Hospice care for pets is an emerging niche of veterinary medicine that creates and relies on a unique caring collaboration between the pet owner and members of the veterinary healthcare team. Pet hospice is patterned after the delivery of the end-of-life care provided for human patients, with the additional provision from the veterinarian for humane euthanasia when the pet’s day-to-day quality of life becomes unacceptable.
How will I know if my pet needs to enter hospice care?
Open, honest, and direct communication with your pet’s veterinarian and members of the veterinary healthcare team throughout the pet’s life lays the necessary foundation for effective communication as the end of life approaches. As soon as a life-limiting disease is diagnosed, it is time to open a dialogue about treatment options and how the approaching end of life will be handled.
Many life-limiting diseases, or illnesses that cannot be cured, can be treated aggressively and managed well in some pets—sometimes for many years. Examples of these diseases include diabetes mellitus (also called “sugar” diabetes), the degenerative joint disease associated with osteoarthritis, and various cancers. Treatment strategies are as varied as the diseases themselves and the pets involved. Your veterinarian can create a “big picture” perspective to clarify specific appropriate treatments, the schedule for medication delivery, a recommended schedule for reassessment at the veterinary practice, and the costs associated with all aspects of the recommended therapies and rechecks.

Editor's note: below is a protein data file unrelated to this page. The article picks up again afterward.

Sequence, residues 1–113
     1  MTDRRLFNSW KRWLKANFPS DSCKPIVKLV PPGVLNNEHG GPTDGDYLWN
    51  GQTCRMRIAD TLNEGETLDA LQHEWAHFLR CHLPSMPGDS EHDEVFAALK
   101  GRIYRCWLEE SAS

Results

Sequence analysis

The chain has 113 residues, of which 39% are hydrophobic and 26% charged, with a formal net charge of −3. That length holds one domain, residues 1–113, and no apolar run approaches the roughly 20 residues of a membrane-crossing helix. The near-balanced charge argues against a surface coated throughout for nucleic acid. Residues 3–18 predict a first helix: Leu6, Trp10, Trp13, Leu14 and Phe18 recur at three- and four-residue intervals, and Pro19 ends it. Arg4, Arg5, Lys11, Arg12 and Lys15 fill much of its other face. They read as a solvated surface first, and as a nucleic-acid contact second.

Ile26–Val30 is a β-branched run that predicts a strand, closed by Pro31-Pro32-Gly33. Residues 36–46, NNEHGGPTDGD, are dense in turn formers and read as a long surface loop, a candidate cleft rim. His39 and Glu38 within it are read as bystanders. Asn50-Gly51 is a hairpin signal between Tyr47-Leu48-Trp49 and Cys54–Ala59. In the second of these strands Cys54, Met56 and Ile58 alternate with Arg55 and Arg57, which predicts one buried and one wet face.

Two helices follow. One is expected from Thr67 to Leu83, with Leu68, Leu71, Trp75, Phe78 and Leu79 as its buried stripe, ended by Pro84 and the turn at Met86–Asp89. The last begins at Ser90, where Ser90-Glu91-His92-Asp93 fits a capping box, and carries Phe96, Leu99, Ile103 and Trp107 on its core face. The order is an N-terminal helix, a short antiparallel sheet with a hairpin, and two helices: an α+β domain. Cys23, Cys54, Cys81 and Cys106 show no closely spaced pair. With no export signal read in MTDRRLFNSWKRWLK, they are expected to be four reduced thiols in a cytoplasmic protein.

Communication with your veterinarian truly is the key to success in transitioning from chronic disease management to hospice.
As veterinary medicine has matured and advanced, treatment options for chronic incurable diseases have advanced as well. It is commonplace to see pets living with successful management of chronic diseases that until recently would have precipitated euthanasia soon after diagnosis. Although this has been a boon for older pets—those at greatest risk for developing these conditions—it complicates our decision making as our pets age. Communication with your veterinarian truly is the key to success in transitioning from chronic disease management to hospice.
I am worried that I will not be able to provide what my pet needs in a hospice setting. How can I be sure that I do?
Delivery of hospice care is as individual as the pet and the family. There is no one “right” way to provide pet hospice. Instead, there are many different aspects of care that may be appropriate for your pet in a hospice setting. Ask your veterinarian and veterinary healthcare team to be as specific and detailed as possible in creating a hospice care plan. That way, you can ask all the necessary questions to feel confident in the care you will provide.
It is important not to be intimidated by the idea of providing hospice care in your home for your pet.